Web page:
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Speak Without Fear.



Ever get the jitters when asked to get up before an audience to give a speech, or even present an award? You are not alone and, in our participatory democracy, the chances are you will be called upon. You may have to address the local Rotary Club or Kiwanis, or perhaps some church organization. You may be asked to emcee a wedding or give a eulogy at a funeral. Then, too, you could be directed by the boss to explain a new program to the employees, etc. With many people, stage fright takes over in these situations and they die a thousand deaths.

This book could be your Bible as it addresses the problem of stage fright and other difficulties connected with public speaking. It reminded me of Speech 10 when I was in college.

Author Ivy Naistadt knows whereof she speaks, if you don't mind a pun. She started her professional life as a stage actress, singer, and sometimes dancer on Broadway. Literally, she knew stage fright firsthand and delved into its causes, and then shared this knowledge with others, eventually becoming a speech consultant these past 15 years. Her clients include IBM, The New York Times, Hershey, etc.

While only a few can deliver spell-binding talks like Winston Churchill, Franklin D. Roosevelt, Ronald Reagan, John F. Kennedy, or Martin Luther King, nearly everyone can become a competent speaker, perhaps even a Ralph Kramden! One should note that, even when a speaker has a terrible delivery, he or she still can hold the audience by the content of the presentation. As a speaker, Henry Kissinger was as exciting as watching the grass grow, but everyone listened, for he had something to say.

You might recognize yourself as one of the following types of neophyte speakers. There is the Avoider, who will do anything to get out of being dragged to the podium. The Anticipator is a worrywart who continually is revising the text to make it "better." Those who get so pumped up that they are out of breath by the time they reach the stage are called Adrenalin people. Lastly, we all recognize the Improvisor, whose spontaneity fails in the clutch, and there are the ensuing regrets for not taking more time to prepare.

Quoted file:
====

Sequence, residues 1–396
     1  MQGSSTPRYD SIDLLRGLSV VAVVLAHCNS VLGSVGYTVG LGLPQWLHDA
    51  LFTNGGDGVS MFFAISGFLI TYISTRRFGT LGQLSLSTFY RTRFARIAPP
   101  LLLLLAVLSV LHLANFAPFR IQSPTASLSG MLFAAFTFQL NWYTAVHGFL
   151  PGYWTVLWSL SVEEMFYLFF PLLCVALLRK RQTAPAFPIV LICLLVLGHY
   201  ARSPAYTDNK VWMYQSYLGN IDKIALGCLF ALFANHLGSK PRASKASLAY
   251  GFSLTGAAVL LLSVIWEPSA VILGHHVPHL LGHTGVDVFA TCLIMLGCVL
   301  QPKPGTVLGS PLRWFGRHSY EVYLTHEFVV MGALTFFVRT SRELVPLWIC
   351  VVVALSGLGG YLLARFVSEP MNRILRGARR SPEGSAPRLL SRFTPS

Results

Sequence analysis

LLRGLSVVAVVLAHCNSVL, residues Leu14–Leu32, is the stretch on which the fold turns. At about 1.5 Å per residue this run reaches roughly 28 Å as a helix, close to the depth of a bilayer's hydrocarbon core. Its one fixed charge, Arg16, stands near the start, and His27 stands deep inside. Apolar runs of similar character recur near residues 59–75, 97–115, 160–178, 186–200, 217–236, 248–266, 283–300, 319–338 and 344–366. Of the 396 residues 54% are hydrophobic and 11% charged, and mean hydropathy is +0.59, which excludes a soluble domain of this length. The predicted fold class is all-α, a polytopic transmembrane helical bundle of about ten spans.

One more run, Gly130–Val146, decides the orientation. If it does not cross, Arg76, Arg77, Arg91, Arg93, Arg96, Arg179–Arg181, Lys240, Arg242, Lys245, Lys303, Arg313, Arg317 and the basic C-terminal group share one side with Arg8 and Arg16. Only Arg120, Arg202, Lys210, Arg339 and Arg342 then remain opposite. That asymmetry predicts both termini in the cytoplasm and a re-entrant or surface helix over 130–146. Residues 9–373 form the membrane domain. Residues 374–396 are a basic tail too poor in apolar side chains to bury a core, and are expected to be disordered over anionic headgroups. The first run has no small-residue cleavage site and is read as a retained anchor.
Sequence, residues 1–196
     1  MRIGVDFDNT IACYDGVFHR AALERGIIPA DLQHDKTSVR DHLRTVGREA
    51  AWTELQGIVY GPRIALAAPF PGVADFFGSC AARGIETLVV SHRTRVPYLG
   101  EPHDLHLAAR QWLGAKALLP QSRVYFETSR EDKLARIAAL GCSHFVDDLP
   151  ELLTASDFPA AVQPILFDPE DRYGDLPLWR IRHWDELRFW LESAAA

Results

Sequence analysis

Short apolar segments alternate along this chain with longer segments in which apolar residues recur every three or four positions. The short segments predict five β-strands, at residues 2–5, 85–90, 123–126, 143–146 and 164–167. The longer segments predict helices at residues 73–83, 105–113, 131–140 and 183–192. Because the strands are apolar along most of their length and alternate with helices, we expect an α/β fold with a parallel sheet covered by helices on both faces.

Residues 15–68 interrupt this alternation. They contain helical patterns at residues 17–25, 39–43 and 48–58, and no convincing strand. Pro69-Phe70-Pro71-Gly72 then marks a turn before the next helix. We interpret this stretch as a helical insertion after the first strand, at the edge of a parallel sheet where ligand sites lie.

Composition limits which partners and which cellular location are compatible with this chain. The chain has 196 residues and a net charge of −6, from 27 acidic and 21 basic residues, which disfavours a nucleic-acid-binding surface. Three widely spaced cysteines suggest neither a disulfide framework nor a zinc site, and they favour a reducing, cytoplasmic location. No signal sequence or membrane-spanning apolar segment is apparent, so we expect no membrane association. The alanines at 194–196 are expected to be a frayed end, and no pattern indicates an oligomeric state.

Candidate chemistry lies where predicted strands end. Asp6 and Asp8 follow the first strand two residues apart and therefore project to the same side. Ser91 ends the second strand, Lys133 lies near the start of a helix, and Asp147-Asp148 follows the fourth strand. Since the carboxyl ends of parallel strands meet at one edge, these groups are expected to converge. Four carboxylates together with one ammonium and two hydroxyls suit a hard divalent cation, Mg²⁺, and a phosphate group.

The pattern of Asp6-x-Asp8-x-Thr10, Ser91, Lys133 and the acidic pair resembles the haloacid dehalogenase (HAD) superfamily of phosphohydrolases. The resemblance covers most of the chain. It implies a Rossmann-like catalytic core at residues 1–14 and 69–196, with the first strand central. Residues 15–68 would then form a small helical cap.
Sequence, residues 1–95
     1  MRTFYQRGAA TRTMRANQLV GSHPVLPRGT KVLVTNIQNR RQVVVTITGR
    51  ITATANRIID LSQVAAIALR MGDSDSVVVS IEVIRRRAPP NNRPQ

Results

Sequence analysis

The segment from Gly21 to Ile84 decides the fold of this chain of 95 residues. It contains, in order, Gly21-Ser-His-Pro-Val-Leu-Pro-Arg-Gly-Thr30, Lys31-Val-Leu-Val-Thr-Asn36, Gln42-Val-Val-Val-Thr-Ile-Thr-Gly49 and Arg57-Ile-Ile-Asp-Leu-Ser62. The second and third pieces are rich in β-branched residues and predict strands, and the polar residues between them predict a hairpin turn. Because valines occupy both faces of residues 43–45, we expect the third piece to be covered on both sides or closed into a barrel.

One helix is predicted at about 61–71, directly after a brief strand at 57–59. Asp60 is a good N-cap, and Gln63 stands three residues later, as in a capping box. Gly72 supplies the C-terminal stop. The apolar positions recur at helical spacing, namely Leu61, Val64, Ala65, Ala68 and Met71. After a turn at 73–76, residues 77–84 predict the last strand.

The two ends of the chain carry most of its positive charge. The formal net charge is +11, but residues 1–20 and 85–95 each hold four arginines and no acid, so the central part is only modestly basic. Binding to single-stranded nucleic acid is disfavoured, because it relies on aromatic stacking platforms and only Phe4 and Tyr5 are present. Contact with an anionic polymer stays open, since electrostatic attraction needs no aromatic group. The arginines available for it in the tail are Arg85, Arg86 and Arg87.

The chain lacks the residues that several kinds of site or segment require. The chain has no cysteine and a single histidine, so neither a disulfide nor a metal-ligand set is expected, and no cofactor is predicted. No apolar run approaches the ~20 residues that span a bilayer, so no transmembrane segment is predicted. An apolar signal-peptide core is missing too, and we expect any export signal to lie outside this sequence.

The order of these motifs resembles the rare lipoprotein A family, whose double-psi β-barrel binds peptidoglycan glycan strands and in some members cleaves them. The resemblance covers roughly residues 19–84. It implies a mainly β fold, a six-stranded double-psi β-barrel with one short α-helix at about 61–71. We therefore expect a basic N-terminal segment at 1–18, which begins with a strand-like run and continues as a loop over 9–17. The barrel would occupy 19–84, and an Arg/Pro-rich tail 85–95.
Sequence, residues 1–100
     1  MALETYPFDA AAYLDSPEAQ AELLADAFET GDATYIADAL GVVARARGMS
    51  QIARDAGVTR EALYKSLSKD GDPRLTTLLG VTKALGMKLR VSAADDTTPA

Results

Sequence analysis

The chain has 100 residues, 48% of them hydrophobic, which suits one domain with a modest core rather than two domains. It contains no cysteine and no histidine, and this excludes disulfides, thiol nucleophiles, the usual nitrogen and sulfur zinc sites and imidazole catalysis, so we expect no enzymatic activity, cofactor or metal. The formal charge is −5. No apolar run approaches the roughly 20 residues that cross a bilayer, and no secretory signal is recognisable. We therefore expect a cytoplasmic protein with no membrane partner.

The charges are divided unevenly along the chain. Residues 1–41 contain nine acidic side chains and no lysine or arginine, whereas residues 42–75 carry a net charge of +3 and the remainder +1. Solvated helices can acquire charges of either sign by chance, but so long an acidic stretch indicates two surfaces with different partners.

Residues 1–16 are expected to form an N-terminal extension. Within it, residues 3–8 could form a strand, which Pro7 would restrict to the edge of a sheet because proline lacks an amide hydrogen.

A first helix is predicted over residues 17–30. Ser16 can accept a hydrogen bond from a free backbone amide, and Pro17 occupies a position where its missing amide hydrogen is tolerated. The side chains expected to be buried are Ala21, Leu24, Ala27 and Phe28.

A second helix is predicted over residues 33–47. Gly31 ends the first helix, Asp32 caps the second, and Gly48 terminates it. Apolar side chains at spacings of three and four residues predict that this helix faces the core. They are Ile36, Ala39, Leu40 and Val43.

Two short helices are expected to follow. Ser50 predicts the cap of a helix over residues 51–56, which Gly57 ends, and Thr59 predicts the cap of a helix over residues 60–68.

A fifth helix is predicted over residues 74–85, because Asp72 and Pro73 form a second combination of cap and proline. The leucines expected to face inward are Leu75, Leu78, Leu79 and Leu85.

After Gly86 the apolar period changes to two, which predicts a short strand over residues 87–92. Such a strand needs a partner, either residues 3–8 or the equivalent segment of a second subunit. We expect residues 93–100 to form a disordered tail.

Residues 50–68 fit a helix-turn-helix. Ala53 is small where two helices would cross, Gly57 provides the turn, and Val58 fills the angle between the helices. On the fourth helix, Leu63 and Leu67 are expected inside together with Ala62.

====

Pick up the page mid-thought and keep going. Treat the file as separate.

This book is a helpful primer. It takes us through the notion of how to give a decent talk, from start to finish, bringing to mind the old adage, "If you don't strike oil in the first five minutes, stop boring." The advice given will assuage many of your worries and help you get though to your audience. Naistadt begins by sharing her own experiences and then that of her clients. One should heed the maxim that "If something can go wrong, it will." Embarrassing moments are likely to occur, such as a man coming to the podium with his fly open, or a woman breaking the heel on her high-heeled shoe, so one should prepare for the worst. It is helpful to have some witty remark that overrides the faux pas. A good example is that of a sports announcer crediting a football player for a touchdown. The player had a long and difficult-to-pronounce name and the announcer bungled it several times. With presence of mind, he commented, "That was easier done than said."

It sometimes happens that a page is missing from your manuscript. The author's advice is to carry an outline of your talk in your pocket as backup. Sound advice also is not to prepare any gestures, as spontaneity, rather than fakery, usually is better as it conveys authenticity. Be yourself, she tells us. Have a good opening, know where the middle of your talk is, and make a concise, clear ending. Never say, "In conclusion ... "as the audience may applaud you prematurely! As a last word of advice, Naistadt tells the would-be speaker to rehearse the talk out loud. It's important to hear one's own words, just as the audience will.

If the book has a shortcoming, it is in the rather stiff pedantic nature of its presentation.


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Title Annotation:by Ivy Naistatdt
Author:Kreyche, Gerald F.
Publication:USA Today (Magazine)
Article Type:Book Review
Date:Mar 1, 2005
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